North Georgia "Here's the Scoop on Pet Waste" Contest

April 16, 2015

 

The Metropolitan North Georgia Water Planning District is pleased to announce the 2015 High School Video Contest.  Ninth, tenth, eleventh and twelfth grade students that attend schools in Bartow, Cherokee, Clayton, Cobb, Coweta, DeKalb, Douglas, Fayette, Forsyth, Fulton, Gwinnett, Hall, Henry, Paulding and Rockdale counties are encouraged to participate.   Students are asked to create a 30-60 second water education video public service announcement focused on this year's topic, "Here's the Scoop on Pet Waste."  

 

Pet waste can create a health hazard for people and can “doo” a lot of damage to the environment. There are approximately 70 million dogs in the United States. The average dog produces three quarters of a pound of waste a day. That means our pets generate about 10 million tons of dog poop a year! The poop left on sidewalks and lawns is both unpleasant and a nuisance. But it can become an even bigger problem when stormwater carries it into nearby rivers, lakes and streams.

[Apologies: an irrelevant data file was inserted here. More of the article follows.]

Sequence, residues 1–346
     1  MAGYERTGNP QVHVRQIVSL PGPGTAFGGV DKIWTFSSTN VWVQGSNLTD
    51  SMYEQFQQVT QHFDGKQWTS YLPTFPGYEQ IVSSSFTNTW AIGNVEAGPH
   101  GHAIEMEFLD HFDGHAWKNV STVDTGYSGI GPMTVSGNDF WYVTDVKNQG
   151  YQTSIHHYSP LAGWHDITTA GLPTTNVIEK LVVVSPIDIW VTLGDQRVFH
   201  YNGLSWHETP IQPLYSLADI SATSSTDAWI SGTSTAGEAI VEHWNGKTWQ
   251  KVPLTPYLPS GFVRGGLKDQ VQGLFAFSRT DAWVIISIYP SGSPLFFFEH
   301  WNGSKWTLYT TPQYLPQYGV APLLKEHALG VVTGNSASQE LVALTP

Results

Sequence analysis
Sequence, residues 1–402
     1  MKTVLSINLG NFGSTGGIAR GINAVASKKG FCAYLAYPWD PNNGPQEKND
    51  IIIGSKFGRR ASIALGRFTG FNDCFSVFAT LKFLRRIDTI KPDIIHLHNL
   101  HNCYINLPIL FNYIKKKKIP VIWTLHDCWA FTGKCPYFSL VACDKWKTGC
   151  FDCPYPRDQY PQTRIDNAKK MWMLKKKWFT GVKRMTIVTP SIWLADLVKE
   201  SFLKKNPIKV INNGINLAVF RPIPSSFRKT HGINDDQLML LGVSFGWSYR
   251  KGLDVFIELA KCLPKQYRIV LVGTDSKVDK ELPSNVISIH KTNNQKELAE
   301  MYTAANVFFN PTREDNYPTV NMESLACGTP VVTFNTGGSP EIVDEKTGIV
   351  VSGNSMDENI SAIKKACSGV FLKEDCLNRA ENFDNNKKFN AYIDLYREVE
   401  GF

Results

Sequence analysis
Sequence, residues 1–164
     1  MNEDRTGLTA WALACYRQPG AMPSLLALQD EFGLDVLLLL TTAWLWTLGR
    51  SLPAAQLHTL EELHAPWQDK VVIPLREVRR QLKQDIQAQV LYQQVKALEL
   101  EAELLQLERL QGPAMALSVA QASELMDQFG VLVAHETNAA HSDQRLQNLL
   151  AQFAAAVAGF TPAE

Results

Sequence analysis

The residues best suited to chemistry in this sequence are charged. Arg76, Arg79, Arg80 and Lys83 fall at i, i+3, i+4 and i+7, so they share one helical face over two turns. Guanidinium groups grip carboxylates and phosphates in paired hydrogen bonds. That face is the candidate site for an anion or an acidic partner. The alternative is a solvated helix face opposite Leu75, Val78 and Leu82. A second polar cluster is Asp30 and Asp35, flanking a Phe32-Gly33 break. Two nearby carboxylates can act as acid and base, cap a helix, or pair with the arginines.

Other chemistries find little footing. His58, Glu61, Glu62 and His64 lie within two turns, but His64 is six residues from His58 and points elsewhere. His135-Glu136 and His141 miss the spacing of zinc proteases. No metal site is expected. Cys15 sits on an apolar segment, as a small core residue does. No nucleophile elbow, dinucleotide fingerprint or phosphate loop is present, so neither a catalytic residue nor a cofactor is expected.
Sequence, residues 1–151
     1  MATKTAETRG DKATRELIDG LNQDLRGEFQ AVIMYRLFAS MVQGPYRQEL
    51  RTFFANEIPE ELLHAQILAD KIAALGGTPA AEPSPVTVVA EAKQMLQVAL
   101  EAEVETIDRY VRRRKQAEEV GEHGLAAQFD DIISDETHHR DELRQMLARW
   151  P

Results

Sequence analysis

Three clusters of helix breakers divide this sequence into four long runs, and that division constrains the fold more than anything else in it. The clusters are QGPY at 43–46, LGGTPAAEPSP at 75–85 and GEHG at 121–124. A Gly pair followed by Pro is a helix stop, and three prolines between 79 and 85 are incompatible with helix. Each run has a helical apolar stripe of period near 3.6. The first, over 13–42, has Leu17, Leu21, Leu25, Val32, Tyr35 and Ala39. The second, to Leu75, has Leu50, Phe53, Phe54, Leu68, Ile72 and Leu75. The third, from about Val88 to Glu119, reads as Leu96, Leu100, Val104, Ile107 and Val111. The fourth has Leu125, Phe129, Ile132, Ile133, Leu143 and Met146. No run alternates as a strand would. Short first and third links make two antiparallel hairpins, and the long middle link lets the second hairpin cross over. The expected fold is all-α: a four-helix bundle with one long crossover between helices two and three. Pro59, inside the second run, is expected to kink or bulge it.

Here’s the Scoop on Pet Waste!

 

There are approximately 70 million dogs in the United States.

 

The average dog produces three quarters of a pound of waste a day.

 

That means our pets generate about 10 million tons of dog poop a year! The poop left on sidewalks and lawns is both unpleasant and a nuisance. But it can become an even bigger problem when stormwater carries it into nearby rivers, lakes and streams. It can create a health hazard for people and can “doo” a lot of damage to the environment.

 

Did you know:

 

» A single gram of pet waste contains an average of 23 million fecal coliform bacteria, some of which cause diseases in humans. » Waters that contain high levels of bacteria and other pathogens from animal waste are unfit for human contact.

 

» As pet waste decays, it uses up oxygen that fish and aquatic life need.

 

» Pet waste contains nutrients that can cause excessive algae growth in a river or lake, upsetting the natural balance. It all begins with you. Picking up after your pet helps keep our rivers, lakes and streams healthy for recreation and protects human health and the plants and animals that depend on clean water.

 

Scoop that poop every time.

Place it in a plastic bag and TOSS it in the trash.

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